I have made this fish soup so many times in differing ways that it sometimes starts life as a soup, then becomes a stew, or starts with the intention of being a stew and is then served as as soup. I have seen the base stock served alone as a starter and the fish following or together, as you see it here.
I will not pretend that this is true to the traditional French bouillabaisse recipe which I have eaten many times in France, but it is my version and I can vouch that it tastes great. It is versatile and brings colour to any dinner table.
It is traditionally a fisherman's tea made with whatever fish is leftover from the catch at the end of the day. So it can include anything from cod and conger eel, to ling and lobster. The latter being the more luxurious and expensive - clearly it was not a good days trade!
It is worth experimenting with the texture of varying fish, such as combining a firm fish like turbot and monkfish with a softer fish such as haddock or rouget (gurnard) .
This soup served two as a main evening meal, served only with crusty bread rubbed with garlic.
For two, you will need:
2 pieces of monkfish, 2 of cod or hake (as much as you will eat)
1 large handful of clams, scrubbed and broken ones discarded
1L home-made or best quality bought fish stock 6 cloves of garlic
6 baby leeks, whites and greens separated
10 cherry tomatoes, halved
3 tbsl of olive oil
1 bouquet garni, bay, basil, thyme, oregano
1 bulb of fennel, stalks removed, finely sliced
8 saffron strands, crushed to dust with the back of a spoon
salt and Cayenne pepper
parsely, finely chopped (for garnish)
Crusty bread (for mopping up)
Marinade the fish pieces:
First take the fish fillets and marinade them with 2 finely diced onions, the crushed saffron strands and 3 garlic cloves for at least one hour in the fridge.
For the fish base:
If you like you can make the base or bouillabaisse from your own fish carcasses, heads tails, the lot, chopped and boiled. For the fish stock base you will need almost a kilo of fish waste placed in a large lidded pot with 1L of water, a large handful of the dark green leaves of the leek, saving the white parts for the finished soup. Add 1 bay leaf, 1 chopped onion, 3 garlic cloves.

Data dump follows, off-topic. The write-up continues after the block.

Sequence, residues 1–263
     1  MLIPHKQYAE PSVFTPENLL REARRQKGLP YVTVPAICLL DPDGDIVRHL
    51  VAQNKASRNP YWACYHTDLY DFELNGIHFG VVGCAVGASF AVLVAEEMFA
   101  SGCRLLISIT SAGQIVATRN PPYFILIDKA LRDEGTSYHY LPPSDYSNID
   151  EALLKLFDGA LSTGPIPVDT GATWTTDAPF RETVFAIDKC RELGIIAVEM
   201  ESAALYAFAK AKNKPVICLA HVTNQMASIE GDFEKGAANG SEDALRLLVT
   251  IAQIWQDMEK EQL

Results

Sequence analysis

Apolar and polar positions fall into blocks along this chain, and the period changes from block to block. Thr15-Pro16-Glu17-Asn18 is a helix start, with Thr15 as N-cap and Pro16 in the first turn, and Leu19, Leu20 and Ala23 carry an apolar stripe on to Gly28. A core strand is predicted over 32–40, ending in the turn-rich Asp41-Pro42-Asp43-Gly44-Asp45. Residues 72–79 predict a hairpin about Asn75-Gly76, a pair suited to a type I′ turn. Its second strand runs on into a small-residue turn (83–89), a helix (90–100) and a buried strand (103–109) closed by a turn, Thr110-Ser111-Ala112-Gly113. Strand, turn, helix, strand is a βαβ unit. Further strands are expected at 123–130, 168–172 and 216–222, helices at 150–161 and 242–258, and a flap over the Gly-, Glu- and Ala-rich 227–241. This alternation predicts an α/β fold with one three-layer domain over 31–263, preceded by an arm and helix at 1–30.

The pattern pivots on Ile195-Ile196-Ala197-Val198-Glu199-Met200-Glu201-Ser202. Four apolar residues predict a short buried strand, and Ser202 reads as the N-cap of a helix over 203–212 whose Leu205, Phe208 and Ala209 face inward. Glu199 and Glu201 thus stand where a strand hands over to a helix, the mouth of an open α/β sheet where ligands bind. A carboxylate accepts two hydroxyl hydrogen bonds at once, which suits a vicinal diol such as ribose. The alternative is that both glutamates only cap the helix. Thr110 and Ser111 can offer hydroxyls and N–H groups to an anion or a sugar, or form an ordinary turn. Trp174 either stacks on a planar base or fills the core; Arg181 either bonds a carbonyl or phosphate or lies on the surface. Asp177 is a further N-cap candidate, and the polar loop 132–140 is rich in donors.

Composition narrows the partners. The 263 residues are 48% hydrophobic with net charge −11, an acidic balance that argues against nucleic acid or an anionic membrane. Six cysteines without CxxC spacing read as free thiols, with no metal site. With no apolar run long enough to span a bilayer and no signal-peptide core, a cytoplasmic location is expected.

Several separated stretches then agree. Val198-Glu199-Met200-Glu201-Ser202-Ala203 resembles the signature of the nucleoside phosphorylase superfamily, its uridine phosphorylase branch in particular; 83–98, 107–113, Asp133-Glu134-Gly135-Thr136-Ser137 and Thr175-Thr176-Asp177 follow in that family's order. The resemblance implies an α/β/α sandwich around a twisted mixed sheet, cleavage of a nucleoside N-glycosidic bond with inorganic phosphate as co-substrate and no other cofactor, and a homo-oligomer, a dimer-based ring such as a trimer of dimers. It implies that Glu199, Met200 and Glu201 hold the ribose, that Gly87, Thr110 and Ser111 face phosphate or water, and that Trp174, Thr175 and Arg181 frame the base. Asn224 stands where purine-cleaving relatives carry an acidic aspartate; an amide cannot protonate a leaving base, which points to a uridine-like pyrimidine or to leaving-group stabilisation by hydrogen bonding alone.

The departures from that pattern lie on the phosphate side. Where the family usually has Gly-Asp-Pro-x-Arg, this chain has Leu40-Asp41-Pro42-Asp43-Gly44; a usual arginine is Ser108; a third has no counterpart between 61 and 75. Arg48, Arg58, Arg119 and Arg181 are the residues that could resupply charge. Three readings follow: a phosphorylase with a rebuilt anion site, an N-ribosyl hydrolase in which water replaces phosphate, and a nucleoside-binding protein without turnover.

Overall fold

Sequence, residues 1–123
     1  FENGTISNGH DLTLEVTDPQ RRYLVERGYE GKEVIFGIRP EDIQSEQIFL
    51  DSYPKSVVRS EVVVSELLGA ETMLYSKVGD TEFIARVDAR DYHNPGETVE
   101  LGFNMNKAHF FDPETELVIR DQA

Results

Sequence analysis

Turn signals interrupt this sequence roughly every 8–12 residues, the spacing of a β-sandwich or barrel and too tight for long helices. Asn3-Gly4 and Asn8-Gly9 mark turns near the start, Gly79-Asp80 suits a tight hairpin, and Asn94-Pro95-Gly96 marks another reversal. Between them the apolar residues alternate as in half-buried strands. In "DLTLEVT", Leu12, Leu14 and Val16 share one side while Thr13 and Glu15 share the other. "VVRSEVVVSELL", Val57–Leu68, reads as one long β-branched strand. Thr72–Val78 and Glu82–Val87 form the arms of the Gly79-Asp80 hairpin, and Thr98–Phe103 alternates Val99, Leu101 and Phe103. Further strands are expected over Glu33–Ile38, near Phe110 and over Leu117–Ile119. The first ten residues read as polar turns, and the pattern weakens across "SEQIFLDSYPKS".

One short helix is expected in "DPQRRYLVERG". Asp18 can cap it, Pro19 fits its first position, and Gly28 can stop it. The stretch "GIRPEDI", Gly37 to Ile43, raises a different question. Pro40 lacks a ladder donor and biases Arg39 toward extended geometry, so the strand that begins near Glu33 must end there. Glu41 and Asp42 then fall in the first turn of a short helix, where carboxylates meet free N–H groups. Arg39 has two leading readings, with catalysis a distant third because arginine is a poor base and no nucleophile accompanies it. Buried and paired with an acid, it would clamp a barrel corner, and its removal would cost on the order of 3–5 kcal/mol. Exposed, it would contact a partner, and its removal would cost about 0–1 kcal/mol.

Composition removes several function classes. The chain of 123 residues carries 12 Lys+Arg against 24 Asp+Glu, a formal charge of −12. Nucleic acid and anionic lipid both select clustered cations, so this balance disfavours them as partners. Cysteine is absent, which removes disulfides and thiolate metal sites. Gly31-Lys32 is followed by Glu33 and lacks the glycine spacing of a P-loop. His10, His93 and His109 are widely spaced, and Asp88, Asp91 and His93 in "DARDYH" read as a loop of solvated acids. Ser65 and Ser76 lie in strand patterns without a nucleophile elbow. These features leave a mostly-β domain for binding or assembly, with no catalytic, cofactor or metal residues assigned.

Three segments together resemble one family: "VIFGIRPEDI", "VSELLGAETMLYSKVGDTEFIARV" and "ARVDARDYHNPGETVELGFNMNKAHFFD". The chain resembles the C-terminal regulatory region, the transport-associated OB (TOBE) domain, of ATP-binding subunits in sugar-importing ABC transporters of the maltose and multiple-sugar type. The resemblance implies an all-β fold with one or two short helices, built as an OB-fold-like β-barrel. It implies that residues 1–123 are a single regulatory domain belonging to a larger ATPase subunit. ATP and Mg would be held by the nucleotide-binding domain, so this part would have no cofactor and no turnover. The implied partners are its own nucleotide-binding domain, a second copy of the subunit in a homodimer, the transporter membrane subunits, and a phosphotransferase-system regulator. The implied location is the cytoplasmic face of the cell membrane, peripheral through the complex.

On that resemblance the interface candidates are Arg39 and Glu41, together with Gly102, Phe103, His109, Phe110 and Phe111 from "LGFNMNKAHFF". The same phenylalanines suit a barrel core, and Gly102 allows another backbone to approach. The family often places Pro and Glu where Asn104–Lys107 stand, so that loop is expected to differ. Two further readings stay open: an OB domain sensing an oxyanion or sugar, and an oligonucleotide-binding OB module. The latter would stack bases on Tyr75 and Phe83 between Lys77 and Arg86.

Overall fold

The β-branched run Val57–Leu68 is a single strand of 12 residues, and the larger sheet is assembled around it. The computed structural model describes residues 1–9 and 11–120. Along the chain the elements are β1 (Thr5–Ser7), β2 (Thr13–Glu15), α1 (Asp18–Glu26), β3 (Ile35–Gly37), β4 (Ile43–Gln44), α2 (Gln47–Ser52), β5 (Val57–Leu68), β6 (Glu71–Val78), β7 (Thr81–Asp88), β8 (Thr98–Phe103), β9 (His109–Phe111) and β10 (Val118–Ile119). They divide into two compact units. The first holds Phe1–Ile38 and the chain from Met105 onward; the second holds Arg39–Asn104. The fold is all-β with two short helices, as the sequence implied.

Boil for approximaltely 35 minutes covered. Sieve, taste, season as necessary and set the liquid aside.
Alternatively boil 1L of fish stock with the onion, garlic and greens and taste for seasoning (it may not need salt). I found a really good fish stock recently which I have now come to rely on a lot! It comes in 500ml glass jars so for this soup I used 2.
For the main body of the soup:
Finely slice the whites and a little green of the leeks - I used baby leeks for their soft skin, fennel, the cherry tomatoes, and two cloves of garlic, finely sliced. Sautee them in some oil for five minutes until the leeks are bright green. Add the marinated fish pieces and cook slowly for another five minutes. The cooking of the fish depends on the different varieties and size of the pieces - obviously those taking longest should go in first and thus have a longer cooking time. Slowly ladle in the hot fish stock onto the fish and vegetables and simmer slowly until the fish is cooked through - this should only take 5 minutes.
In a separate saucepan, bring a ladleful of the stock to the boil and add the clams. Cook for two minutes with a lid on until all the clams have opened.
Carefully with a slotted spoon, place the fish into a serving bowl and ladle over the soup and the clams. Sprinkle with parsley and serve with sliced of bread for mopping up the juices.
finely slice leeks, fennel and garlic
saute the leeks, garlic and tomatoes in oil
taste for seasoning, add salt and pepper if necessary